The Gospel According to Luke Part 59 :: By Dr. Donald Whitchard

Luke 20:27-40: “Silencing the Religious Liberals”

“Then some of the Sadducees, who deny there is a resurrection, came to Him and asked Him, saying: ‘Teacher, Moses wrote that if a man’s brother dies, having a wife, and he dies without children, his brother should take his wife and raise up offspring for his brother. Now there were seven brothers. The first one took a wife, and then died without children, and the second took her as well, and he died childless. Then the third took her, and in like manner the seven also, and they left no children, and they died. Last of all, the woman died also. Therefore, in the resurrection, whose wife does she become? For all seven had her as wife.’

“Jesus answered and said, ‘The sons of this age marry and are given in marriage. But those who are counted worthy to attain that age, and the resurrection of the dead, neither marry nor are they given in marriage, nor can they die anymore, for they are equal to the angels and are sons of God, being sons of the resurrection. But even Moses showed in the burning bush passage that the dead are raised, when he called the LORD ‘the God of Abraham, the God of Isaac, and the God of Jacob.’ For He is not the God of the dead, but of the living, for all live to Him.’ Then some of the scribes answered and said, ‘Teacher, you have spoken very well.’ But after that they dared not question Him anymore” (Luke 20:27-40, NKJV).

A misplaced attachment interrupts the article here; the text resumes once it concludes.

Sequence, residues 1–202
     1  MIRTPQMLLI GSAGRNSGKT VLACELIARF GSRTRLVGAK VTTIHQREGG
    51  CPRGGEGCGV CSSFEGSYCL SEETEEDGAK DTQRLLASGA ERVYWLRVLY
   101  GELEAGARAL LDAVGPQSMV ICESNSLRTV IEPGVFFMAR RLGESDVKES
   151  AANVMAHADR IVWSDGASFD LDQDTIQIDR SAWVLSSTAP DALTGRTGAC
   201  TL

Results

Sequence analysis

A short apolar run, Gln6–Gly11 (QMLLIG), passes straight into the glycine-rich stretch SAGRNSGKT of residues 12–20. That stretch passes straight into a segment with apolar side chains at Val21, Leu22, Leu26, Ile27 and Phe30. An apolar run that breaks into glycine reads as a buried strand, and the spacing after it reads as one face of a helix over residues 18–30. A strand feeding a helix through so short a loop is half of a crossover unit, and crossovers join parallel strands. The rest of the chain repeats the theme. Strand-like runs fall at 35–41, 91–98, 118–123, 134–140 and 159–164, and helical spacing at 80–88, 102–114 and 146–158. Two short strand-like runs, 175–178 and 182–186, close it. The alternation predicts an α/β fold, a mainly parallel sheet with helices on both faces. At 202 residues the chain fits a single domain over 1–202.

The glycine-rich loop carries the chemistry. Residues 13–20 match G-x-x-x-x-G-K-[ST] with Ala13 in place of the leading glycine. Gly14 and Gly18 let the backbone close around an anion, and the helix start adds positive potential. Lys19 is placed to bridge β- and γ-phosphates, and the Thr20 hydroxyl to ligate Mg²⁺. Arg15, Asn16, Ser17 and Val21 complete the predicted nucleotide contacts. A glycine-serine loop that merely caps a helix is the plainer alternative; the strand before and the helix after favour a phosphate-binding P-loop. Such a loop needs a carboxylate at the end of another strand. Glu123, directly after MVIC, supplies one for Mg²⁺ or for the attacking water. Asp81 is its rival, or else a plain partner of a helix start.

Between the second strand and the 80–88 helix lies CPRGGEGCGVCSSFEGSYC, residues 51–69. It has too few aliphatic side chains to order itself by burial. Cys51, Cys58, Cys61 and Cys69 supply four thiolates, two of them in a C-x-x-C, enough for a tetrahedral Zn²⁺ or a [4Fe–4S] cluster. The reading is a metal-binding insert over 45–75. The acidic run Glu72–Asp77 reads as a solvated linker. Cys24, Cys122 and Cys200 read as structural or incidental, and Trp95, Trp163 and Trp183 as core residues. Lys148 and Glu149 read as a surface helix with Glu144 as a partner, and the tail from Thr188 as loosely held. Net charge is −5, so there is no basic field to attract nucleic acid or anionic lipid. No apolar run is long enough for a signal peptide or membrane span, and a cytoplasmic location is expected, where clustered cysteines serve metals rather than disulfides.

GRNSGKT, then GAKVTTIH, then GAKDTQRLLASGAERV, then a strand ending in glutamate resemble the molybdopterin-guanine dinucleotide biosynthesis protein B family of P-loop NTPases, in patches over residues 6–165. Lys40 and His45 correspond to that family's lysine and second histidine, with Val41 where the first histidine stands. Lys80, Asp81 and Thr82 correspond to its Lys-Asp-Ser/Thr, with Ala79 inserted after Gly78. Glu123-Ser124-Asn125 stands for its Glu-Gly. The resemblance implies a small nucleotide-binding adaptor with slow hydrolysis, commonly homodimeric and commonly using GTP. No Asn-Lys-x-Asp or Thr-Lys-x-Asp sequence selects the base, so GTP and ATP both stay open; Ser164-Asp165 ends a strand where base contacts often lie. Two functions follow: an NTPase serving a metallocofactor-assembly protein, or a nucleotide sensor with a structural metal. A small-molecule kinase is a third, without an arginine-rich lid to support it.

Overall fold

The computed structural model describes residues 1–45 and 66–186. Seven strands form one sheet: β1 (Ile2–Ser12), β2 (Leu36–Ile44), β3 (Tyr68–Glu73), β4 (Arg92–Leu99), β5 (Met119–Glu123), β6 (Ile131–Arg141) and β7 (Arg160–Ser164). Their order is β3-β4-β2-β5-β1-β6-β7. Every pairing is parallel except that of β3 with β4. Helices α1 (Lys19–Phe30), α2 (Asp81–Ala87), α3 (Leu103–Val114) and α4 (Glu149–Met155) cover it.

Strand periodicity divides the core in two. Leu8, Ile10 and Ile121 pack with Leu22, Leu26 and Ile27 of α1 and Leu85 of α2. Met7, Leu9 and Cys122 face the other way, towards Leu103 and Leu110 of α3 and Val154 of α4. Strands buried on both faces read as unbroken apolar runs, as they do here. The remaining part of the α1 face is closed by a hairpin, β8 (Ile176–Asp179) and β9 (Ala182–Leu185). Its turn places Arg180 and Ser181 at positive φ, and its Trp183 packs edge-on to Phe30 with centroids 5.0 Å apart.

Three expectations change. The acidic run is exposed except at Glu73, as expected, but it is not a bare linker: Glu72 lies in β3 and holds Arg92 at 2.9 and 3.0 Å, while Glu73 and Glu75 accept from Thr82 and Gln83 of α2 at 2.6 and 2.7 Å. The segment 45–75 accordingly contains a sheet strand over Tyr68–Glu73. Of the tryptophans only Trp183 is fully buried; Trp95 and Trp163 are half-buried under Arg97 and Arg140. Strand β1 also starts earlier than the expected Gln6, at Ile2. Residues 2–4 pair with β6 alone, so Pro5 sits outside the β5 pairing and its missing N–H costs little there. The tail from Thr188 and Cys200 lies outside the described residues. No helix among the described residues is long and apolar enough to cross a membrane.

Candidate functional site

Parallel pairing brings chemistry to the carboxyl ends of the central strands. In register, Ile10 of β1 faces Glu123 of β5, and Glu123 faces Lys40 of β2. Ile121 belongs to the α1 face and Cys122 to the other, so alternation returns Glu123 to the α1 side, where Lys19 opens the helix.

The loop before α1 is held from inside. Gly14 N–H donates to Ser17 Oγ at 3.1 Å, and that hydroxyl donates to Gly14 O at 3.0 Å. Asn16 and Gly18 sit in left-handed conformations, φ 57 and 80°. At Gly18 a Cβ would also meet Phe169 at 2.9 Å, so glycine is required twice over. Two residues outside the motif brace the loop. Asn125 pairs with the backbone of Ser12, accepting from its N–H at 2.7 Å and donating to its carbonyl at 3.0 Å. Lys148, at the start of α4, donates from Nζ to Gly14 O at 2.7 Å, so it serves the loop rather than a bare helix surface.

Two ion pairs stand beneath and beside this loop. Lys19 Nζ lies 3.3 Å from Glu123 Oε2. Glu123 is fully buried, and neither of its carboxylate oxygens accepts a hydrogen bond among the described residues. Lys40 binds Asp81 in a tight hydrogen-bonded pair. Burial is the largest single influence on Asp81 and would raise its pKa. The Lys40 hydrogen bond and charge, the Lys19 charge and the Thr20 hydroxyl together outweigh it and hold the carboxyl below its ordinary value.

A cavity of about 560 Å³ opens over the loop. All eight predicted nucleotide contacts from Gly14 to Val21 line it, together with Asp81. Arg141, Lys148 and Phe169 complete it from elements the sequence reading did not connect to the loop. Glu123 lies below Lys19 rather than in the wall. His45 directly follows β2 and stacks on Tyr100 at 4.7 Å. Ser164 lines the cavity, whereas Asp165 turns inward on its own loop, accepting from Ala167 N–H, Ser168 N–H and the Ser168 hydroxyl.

The Lord Jesus has been busy in what will be His final week of public ministry that has now culminated in daily times of teaching the people who are there for the celebration of the first of the Jewish feast periods known as Passover, which was held on the first month of the Hebrew calendar, known as Abib (April in the Julian (Western) calendar), specifically on or near the 14th day of the month. This was a feast decreed by the LORD to commemorate the exodus from Egypt. The event is mentioned in Exodus 12:8, 17; 13:6; 23:15; 34:18, 25 as well as in the books of Leviticus, Numbers, Joshua, 2 Kings, 2 Chronicles, Ezra, Ezekiel, Matthew, Mark, Luke, John, Acts, and Hebrews.

It would be worth our while to briefly examine each of the prescribed feasts of Israel, as they have been celebrated for thousands of years as a people and nation. After the celebration of Passover on 14 Abib, the next scheduled feast is that of Pentecost (weeks), which is held at the end of the wheat harvest on or around the 6th of the third month, Sivan (June), to celebrate and honor the giving of the Law to Moses by God (Exodus 23:16, 34:22; Leviticus 23:16; Numbers 28:26; Deut. 16:10, 16; 2 Chron.8:13; Acts 2:1; 1 Cor.16:8).